critically making the “internet of things”

I’m still inspired by the international conference we had last week at HUMlab: Critically making the internet of things. That’s why I’d like to share some of my personal highlights in this post.

First, and not surprisingly, it was exciting to see Bruce Sterling speak. He is a highly entertaining speaker and directed our attention to a number of cool projects, e.g. the “rev–> table” (by John Kestner’s company Supermechanical), “which rejects the modern model of hard goods consumption by empowering the owner to become the manufacturer” according to the website Cool Hunting, or Nelly Ben Hayoun’s “domestic volcano“.

© photo credit: coolhunting.com

In the afternoon Molly Steenson talked about the fascinating history of pneumatic tubes, which physically transferred documents in the cities of the 1800s. Finn Arne Jørgensen made us aware of the increasing role tracking technologies play in hunting, or the “internet of dogs”. Nanna Gyldholm showed us wonderful pieces of architecture imagined & created by BIG, Copenhagen, Jennie Olofsson spoke about hacked road signs & zombie warnings, and Tim Hutchings ended day 1 with an interesting talk on the digital bible and bible apps (amazing what the internet has to offer to religious people!!!). After that Patrik Svensson showed us the new HUMlab X space on the Arts Campus and the upcoming floorscreen underneath the stuff you see in the pic below:

On day 2 I was particularly impressed by Johanna Drucker’s talk on augmented subjects, digital aesthetics and the role of the researcher as part of contemporary (digital) culture (and corporations as responding to desire and thus also being part of our culture).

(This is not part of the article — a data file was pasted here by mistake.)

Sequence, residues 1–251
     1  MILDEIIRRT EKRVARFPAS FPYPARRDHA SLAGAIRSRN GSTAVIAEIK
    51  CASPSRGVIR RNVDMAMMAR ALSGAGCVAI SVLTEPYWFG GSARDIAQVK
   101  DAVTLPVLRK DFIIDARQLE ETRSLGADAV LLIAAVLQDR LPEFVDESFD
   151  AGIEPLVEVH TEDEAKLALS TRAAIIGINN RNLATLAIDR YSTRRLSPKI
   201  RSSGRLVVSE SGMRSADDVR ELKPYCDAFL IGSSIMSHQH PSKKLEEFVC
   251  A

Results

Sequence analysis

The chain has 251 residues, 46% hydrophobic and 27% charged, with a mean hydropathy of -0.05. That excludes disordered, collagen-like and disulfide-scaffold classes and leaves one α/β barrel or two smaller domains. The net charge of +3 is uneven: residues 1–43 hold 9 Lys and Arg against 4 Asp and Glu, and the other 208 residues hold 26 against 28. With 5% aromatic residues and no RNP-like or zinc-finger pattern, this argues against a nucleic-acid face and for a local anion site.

Further, Chris Speed spoke about  his really cool project “tales of things“, which loads second-hand clothes and objects with stories from previous owners with the help of QR codes. Stephanie Hendrick shared her interesting research on “PostSecret Postcards“, an online art project where people mail in their secrets anonymously on postcards that get published every sunday.

© photo credit: fields.eca.ac.uk

Finally, Anne Galloway provided us with insights in her research on sheep farming, locative media, and the way technology, practices and culture are interwoven (she also showed beautiful images from New Zealand!).

After the conference, the legendary Glögg party took place at Patrik’s house, a fun way to end this wonderful and well-organized event (thanks to Emma Ewadotter!). We also had a tasty Julbord, the traditional Swedish Christmas buffet. All these activities felt like the first taste of farewell, which made me aware that I’ll be leaving Sweden and HUMlab soon.. (with mixed feelings!)

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